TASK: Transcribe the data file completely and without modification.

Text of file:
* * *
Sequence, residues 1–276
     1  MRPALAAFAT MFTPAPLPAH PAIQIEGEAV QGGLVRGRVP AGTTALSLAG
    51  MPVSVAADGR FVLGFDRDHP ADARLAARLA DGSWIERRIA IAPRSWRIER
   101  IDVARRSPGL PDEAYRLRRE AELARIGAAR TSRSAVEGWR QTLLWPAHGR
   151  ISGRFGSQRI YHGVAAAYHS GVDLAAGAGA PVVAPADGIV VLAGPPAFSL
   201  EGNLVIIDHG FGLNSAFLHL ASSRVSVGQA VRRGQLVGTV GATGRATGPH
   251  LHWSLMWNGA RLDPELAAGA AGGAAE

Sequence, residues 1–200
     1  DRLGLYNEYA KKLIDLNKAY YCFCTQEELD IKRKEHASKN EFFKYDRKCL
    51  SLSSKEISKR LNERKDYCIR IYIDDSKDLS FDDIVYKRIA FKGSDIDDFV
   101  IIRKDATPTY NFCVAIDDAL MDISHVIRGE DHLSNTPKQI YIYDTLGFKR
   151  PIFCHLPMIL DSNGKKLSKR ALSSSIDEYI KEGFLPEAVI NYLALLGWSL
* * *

Sequence, residues 1–276
     1  MRPALAAFAT MFTPAPLPAH PAIQIEGEAV QGGLVRGRVP AGTTALSLAG
    51  MPVSVAADGR FVLGFDRDHP ADARLAARLA DGSWIERRIA IAPRSWRIER
   101  IDVARRSPGL PDEAYRLRRE AELARIGAAR TSRSAVEGWR QTLLWPAHGR
   151  ISGRFGSQRI YHGVAAAYHS GVDLAAGAGA PVVAPADGIV VLAGPPAFSL
   201  EGNLVIIDHG FGLNSAFLHL ASSRVSVGQA VRRGQLVGTV GATGRATGPH
   251  LHWSLMWNGA RLDPELAAGA AGGAAE

Sequence, residues 1–200
     1  DRLGLYNEYA KKLIDLNKAY YCFCTQEELD IKRKEHASKN EFFKYDRKCL
    51  SLSSKEISKR LNERKDYCIR IYIDDSKDLS FDDIVYKRIA FKGSDIDDFV
   101  IIRKDATPTY NFCVAIDDAL MDISHVIRGE DHLSNTPKQI YIYDTLGFKR
   151  PIFCHLPMIL DSNGKKLSKR ALSSSIDEYI KEGFLPEAVI NYLALLGWSL